Want to unwind at the 'best' hotel chain? Then leave the kids at home

 

Boasting Grade II-listed buildings, extensive grounds and themed activities, it appears to be a typical luxury hotel chain.

But there is something that sets Warner Leisure Hotels apart from the banks of international hotel groups operating in Britain: a no child policy.

For 18 years, the 14-hotel firm has banned any guests under 21 to ensure that adults on a trip away from home enjoy tranquillity at one of its retreats.

And it seems the policy could be paying off, as Warner is today named the best hotel chain in Britain.

Which? Travel gave it a score of 79 per cent, above 33 other chains including Hampton by Hilton, Malmaison, Best Western and Radisson. The most expensive chain surveyed, at £366 a night, it also received top marks for customer service, cleanliness, location and breakfasts.

However there was no direct relationship between price and performance, given that the £97-a-night Premier Inn came fourth while its £63-a-night budget rival, Travelodge, came third from bottom.

Warner Leisure Hotels' distinctive no-child policy – which can only be broken with written permission given in advance – appears to have been a factor in its triumph.

The only one of its guests quoted by Which? said: "We like them because they are child-free and luxurious. We have high expectations and so far they have met these every time."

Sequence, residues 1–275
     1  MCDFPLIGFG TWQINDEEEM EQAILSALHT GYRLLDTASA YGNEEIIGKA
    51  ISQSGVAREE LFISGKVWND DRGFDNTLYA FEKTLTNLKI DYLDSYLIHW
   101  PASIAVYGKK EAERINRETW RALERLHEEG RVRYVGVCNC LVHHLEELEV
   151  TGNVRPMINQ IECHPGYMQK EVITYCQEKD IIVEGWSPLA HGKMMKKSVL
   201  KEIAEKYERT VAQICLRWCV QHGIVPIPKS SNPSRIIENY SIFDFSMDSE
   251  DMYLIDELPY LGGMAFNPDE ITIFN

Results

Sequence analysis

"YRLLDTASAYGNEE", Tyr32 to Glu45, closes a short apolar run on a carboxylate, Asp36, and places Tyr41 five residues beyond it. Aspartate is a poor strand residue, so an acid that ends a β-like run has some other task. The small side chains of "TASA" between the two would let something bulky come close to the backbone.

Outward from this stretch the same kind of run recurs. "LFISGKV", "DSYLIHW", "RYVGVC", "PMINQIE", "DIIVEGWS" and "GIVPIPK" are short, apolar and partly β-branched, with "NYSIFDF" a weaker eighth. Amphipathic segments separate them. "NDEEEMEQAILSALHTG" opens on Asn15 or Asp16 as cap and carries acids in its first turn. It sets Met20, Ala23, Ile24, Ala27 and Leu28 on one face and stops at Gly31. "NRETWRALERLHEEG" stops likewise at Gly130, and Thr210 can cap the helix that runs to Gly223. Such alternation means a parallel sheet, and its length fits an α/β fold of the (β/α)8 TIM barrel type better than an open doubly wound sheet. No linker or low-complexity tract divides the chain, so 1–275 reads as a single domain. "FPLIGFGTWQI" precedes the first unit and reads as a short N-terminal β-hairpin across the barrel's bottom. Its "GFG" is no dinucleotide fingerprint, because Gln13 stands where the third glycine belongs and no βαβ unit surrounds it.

While some adults clearly relish being away from noisy children, Britain's apparent dislike of under-18s has been much commented on in recent years. In an interview with The Independent two years ago, the outgoing children's commissioner Sir Al Aynsley Green described the UK as "one of the most child unfriendly countries in the world", saying people in other countries asked why we "hate children so much". In his book, Tickling the English, the Irish comedian Dara O Briain mused that the English have "ethnicised" teenagers, treating them like an alien group.

Which? awarded Warner Leisure Hotels the accolade after surveying 6,280 guests, 146 of whom had stayed at its premises.

A spokesman for the chain said that its "child free environment", in place since 1994, allowed adults to "socialise with like-minded people and do as much or as little as they wish.